Police Scotland is facing a demand to publish the results of a major staff survey carried out earlier this year.
Scottish Labour, which made the call, criticised the force for failing to reveal the findings of the study – two months after the exercise closed.
The party said full transparency was needed to help address “the big problems” faced by officers and staff.
Police Scotland, which came into being in April 2013 following the merger of the country’s eight forces, has been hit by various controversies in recent months over issues such as its stop and search tactics.
It also came under fire following the M9 collision in July in which Lamara Bell, 25, and John Yuill, 28, died. The couple spent three days in their crashed car after a call to police was not properly logged.
Scottish Labour has claimed the M9 case exposed the impact of cuts to civilian staff made by the Scottish Government and Chief Constable Sir Stephen House.
The party’s justice spokesman Graeme Pearson, a former deputy chief constable, said: “We know that rank and file officers are under huge pressure because of the decisions taken by Government ministers and the leadership of Police Scotland.
“They are doing their best in very difficult circumstances. Cuts to civilian staff numbers and budgets mean officers and civilian staff are doing more with less. That’s unsustainable.
“No matter how many joint statements the leadership of the Scottish Police Authority and Police Scotland issue, the big problems faced by officers and civilian staff can’t be swept under the carpet.
“If the chief constable and SNP Justice Minister Michael Matheson really value the opinions of officers and civilian staff then they would publish the results of this staff survey without delay. The fact that it has taken so long to make the views of police officers known isn’t acceptable.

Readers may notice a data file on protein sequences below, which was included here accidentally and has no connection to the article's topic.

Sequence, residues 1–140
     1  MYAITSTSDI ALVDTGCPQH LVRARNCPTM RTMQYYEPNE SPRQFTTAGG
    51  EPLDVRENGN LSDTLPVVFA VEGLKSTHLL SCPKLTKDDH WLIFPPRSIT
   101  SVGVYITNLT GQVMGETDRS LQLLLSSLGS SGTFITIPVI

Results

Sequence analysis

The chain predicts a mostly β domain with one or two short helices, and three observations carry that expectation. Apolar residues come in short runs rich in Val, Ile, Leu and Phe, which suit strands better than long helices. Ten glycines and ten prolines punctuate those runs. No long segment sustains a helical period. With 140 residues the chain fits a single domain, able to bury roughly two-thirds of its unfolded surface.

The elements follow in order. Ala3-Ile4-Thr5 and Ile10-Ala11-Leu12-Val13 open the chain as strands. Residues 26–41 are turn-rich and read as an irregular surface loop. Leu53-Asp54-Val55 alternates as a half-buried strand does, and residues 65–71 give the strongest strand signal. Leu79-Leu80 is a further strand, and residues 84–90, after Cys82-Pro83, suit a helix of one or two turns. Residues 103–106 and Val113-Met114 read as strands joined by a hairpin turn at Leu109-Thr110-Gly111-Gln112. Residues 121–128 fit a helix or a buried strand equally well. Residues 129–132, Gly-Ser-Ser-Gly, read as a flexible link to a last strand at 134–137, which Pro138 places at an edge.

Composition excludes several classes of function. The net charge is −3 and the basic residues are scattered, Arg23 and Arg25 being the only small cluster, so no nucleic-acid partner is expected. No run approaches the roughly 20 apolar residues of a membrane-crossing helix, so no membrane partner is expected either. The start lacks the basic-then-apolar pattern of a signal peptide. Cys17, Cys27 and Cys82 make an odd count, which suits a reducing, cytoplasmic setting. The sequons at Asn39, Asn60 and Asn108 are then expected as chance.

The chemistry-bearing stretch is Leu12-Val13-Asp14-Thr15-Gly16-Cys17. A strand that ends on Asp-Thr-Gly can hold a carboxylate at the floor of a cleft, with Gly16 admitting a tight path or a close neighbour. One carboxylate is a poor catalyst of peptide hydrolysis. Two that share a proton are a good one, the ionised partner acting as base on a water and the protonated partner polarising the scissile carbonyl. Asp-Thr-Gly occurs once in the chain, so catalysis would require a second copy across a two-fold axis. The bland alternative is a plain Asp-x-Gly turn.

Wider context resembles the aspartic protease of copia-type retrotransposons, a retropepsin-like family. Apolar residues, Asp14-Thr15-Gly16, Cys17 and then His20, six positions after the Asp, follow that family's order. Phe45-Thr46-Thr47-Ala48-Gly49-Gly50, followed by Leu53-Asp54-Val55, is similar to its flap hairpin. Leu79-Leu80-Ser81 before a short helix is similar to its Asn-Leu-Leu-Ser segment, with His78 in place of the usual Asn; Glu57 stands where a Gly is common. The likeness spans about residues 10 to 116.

“We need full transparency from the SNP Government and Police Scotland. Only by being honest about the problems in our police service can we hope to be able to reform it.”
A Police Scotland spokeswoman said: “The joint SPA/Police Scotland officer andstaff engagement survey closed at the end of June. The results are currentlybeing analysed by an independent organisation and, as planned, the results willbe published as soon as possible.
“The engagement survey generated a high percentage of responses from both officers and staff. The survey is the largest of its kind and the first since Police Scotland began. We look forward to working with all our employees as we go forward taking into account any changes which may be needed.”
A Scottish Government spokeswoman said: “The staff survey is a matter for Police Scotland, who are accountable to the SPA, not ministers.
“It is a long-standing principle of fundamental importance in Scotland that the police operate without political interference and is one which was backed in the Scottish Parliament across party lines along with the creation of the single service itself.”